Finding opportunities in F1 limited, Callum Ilott moved to IndyCar for the 2022 season. Brian Spurlock/Icon Sportswire via Getty Images
Years from now, Callum Ilott just might be hailed as IndyCar’s pied piper. Fresh from a breakout season with the upstart Juncos Hollinger Racing team, the 23-year-old Englishman could be the agent of change that leads some of the world’s best drivers — those stuck on the fringes of Formula One — to reconsider their final destination in the sport.
Prior to his rookie IndyCar campaign, Ilott was on the same ugly path that leads to heartbreak for most drivers who believe life begins and ends with F1. In recent years, it’s been a brutal existence for the Ilotts of the world as racing’s most exclusive series has made it nearly impossible for its top young talent to graduate to F1.
A runner-up to current Haas F1 driver Mick Schumacher in the 2020 Formula 2 championship, Ilott was signed by Ferrari as its F1 test driver in 2021 and appointed as Alfa Romeo’s reserve driver. Both distinctions signal the vast skills and potential the legendary F1 team recognized within the native of Cambridge.
Despite the honor of his selection for the Ferrari Driver Academy, the lack of opportunities to take that talent and go racing in a reasonable timeframe from within a Scuderia Ferrari entry or other Ferrari-powered F1 teams led Ilott to a painful realization. Although he was given all of the coolest driving gear emblazoned with Ferrari’s Prancing Horse logo and would get to sample an F1 car a few times each year, Ilott was on the road to nowhere.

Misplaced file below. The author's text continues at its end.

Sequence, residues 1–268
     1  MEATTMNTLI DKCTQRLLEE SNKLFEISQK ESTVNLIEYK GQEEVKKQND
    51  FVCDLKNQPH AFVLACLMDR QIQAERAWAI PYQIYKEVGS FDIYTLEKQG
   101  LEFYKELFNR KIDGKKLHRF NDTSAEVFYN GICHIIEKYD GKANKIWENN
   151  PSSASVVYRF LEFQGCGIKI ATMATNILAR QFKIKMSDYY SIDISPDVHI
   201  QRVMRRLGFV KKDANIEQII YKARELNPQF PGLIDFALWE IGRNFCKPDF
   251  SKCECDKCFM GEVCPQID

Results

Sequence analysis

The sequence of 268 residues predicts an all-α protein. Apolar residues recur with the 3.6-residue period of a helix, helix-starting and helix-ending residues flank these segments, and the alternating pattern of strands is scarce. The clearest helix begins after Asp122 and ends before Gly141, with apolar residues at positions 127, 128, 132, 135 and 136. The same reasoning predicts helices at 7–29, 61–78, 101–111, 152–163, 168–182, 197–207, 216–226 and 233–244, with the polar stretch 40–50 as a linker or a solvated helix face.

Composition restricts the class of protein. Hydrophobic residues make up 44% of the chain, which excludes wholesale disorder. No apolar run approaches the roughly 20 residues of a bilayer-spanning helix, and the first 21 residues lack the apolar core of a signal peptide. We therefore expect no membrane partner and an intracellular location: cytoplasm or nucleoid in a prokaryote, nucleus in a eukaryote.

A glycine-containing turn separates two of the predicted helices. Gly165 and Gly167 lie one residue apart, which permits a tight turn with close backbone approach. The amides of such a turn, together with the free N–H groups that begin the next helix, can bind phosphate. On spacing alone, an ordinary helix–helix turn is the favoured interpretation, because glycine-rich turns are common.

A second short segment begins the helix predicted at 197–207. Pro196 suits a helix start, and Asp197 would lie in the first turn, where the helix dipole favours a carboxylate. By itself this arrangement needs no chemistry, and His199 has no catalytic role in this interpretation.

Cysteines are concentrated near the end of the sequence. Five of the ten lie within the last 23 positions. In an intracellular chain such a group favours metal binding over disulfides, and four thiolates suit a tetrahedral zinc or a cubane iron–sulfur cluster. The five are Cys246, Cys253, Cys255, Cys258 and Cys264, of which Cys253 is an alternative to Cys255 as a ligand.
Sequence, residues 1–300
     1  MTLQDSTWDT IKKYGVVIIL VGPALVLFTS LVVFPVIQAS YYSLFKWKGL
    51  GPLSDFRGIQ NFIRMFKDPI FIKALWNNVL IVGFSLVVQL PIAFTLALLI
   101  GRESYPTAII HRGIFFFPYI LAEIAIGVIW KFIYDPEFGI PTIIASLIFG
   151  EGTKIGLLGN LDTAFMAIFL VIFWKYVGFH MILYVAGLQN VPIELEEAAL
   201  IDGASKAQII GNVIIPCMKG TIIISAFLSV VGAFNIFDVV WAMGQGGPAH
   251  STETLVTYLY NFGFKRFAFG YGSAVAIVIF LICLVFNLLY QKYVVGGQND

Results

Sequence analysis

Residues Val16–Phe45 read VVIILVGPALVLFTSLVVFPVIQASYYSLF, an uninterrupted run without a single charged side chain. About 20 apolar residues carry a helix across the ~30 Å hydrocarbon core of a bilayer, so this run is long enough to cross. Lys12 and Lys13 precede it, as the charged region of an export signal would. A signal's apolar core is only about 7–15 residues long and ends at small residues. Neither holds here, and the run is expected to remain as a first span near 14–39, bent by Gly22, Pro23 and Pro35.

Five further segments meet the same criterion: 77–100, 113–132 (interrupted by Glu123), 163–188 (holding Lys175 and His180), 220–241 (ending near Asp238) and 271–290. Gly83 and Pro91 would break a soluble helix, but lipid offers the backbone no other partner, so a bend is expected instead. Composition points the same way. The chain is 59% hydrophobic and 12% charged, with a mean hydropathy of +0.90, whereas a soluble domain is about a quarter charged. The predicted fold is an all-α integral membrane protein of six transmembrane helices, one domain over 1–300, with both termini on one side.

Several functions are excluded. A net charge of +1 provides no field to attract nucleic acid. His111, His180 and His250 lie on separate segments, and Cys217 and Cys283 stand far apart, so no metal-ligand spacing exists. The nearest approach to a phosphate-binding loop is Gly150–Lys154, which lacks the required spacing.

It’s a familiar story for scores of drivers who are worthy of racing in F1. Most in Ilott’s former situation choose to toil away, growing older while filling secondary roles as test, reserve and simulator drivers, clinging to a fading belief that they’re destined for race seats.
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Rather than sit and hope to someday compete in F1, just as F2 champion Nyck de Vries did by waiting a remarkable 1,015 days between winning the F2 title in 2019 and making his F1 race debut last month at Monza, Ilott refused to waste years of his life stuck in a dream that carried no guarantees of coming true.
That’s when he broke from the norm and pulled the ripcord on his lifelong pursuit of F1 and rerouted his future to Indianapolis.
“We’re born and bred to try and get to F1, at all costs,” Ilott told ESPN. “And it’s very difficult sometimes to accept how it actually is. Maybe I’ve showed that the reality of getting to F1 is a bit different to what they expect.”
IndyCar has been a traditional landing spot for international drivers whose F1 careers reached modest heights before flaming out or, more commonly, sputtered to ignominious ends. It’s also been a fallback position for many of the underwhelming junior drivers on F1’s training ladder — those who’d be chosen in the third or fourth round of a college draft — who’ve brought millions of dollars to buy their way into a seat.
But rarely has the series received a driver of Ilott’s caliber, a coveted first-rounder, while in their early 20s. Ilott’s gone from being an unexpected pick by a small IndyCar team to a driver who was heavily courted by some of the championship’s biggest teams over the summer before signing a healthy new contract that will keep him with the Juncos Hollinger team through the middle of the decade.